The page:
Voluntary Health Scotland Associate Member and Learning to Lead in Health participant John Gill gives his overview of an important new framework: See Hear: A Strategic Framework for meeting the needs of people with a sensory impairment in Scotland was launched by the Scottish Government on 24th April 2014.
The framework applies to children and adults who have hearing, vision or dual hearing and vision loss, and follows a consultation exercise in 2013. There are seven recommendations set out in the concise document.
The strategy is set in a challenging financial challenging financial context, against increasing demand, lack of awareness and competing priorities and constraints.
The framework will be implemented through local partnerships, with identified Leads, nominated in February 2014 with total funding of £2m to support the implementation until 2014/15.
The leads (from either local authorities, NHS or third sector agencies) are key to the involvement of local partners, the identification of local priorities and outcomes (with reference to the Strategy) and the development of work streams, timescales and de-livery plans for the various Strategy recommendations and areas for action.
He/she will also provide an important link to Government policy officials and local partnership peers to enable guidance and good practice to be shared and central support to be requested.
Prevalence and projections highlight that sensory needs are increasingly relevant across health, social care and education; in the statutory, third and independent sectors. It relates to all ages, patient and client groups; adults and children’s services and a raft of national and local policies, themes and strategies; e.g. Allied Health Professionals Framework, The Keys to Life, autism, The Doran Review, The Children and Young People’s Act, The Equalities Act, and the Dementia Strategy. There are also sensory specific policies and strategies (Scottish Vision strategies, Audiology Standards, BSL Bill).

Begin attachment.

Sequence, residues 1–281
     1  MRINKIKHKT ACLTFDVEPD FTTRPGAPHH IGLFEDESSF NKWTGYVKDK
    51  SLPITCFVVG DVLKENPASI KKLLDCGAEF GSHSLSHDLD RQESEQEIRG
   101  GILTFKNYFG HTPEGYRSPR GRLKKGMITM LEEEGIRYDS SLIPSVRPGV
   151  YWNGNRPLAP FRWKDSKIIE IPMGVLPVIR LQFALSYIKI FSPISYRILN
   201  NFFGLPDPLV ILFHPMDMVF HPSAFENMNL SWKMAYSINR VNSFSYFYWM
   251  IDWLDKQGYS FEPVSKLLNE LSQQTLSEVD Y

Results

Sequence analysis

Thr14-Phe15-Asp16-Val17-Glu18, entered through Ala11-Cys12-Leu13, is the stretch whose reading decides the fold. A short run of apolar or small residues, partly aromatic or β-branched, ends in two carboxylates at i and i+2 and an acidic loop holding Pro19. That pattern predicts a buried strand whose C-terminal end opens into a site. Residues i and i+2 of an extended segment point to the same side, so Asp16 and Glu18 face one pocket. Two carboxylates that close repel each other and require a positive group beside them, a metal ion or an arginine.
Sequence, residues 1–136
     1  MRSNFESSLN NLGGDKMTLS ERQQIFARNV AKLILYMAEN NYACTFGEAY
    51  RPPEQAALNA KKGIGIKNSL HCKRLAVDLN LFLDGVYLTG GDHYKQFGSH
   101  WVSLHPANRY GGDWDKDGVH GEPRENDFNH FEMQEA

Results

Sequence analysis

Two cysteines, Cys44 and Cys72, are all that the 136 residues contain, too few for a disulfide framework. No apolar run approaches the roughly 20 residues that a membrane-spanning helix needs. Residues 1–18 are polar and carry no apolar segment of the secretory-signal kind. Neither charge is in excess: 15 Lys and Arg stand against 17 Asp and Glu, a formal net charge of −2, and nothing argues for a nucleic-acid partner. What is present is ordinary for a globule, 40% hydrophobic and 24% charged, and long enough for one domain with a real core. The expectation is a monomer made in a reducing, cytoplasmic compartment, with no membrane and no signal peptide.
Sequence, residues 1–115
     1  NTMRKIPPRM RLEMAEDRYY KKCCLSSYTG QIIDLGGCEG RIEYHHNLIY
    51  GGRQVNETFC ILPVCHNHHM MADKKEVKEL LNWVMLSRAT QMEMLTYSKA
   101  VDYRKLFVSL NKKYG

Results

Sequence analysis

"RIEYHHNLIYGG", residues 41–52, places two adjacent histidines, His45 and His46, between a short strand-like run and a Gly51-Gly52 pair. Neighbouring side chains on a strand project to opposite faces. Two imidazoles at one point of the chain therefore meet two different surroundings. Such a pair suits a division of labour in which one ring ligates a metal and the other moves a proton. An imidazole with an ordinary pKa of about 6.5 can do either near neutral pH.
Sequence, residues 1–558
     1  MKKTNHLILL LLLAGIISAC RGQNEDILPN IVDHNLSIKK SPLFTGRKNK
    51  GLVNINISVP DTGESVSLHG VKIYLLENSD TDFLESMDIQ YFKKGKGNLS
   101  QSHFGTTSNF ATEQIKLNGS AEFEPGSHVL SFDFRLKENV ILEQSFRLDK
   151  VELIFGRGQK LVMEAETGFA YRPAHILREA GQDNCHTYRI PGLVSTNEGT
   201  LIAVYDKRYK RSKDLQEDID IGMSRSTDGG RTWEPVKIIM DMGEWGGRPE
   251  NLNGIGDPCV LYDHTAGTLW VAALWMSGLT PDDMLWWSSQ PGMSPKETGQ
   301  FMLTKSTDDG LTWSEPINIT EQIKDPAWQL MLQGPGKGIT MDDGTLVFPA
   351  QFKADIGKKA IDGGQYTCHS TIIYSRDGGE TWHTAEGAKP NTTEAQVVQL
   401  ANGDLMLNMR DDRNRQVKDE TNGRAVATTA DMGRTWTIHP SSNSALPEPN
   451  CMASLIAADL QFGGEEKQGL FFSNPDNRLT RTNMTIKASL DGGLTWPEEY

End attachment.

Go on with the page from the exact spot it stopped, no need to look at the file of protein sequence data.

The framework is relevant to current themes around adult services performance frameworks and Reshaping Older People’s Services, e.g. healthier living, safer ser-vices, early diagnosis and intervention, prevention, independent living, self-management, positive outcomes (dignity and inclusion) and effective use of re-sources.
The framework has comprehensive annexes of some of the processes and organisations and helps highlight the scale of the challenge ahead.
Growing incidence and significance, particularly in relation to age also highlights that sensory needs have become a mainstream event. This is important in assessment and practice. However, lack of sensory awareness in health and social care training will need to be addressed in the current and future workforce. There are also issues for the specialist workforce.
Sensory needs are wider than the traditional third sector sensory specific organisations with implications across the voluntary health and social care sector.
Voluntary Health Scotland will follow this framework with interest.
John Gill has nearly 40 years’ experience in community sensory services across Scotland’s statutory and voluntary sectors, at both local and national levels. He is a registered BSL interpreter and registered Social Worker. Previous posts include working for Highland Council and Sight Action, and he has been involved in developing standards in Social Work with Deaf people as member of a Multi-Agency Task Force.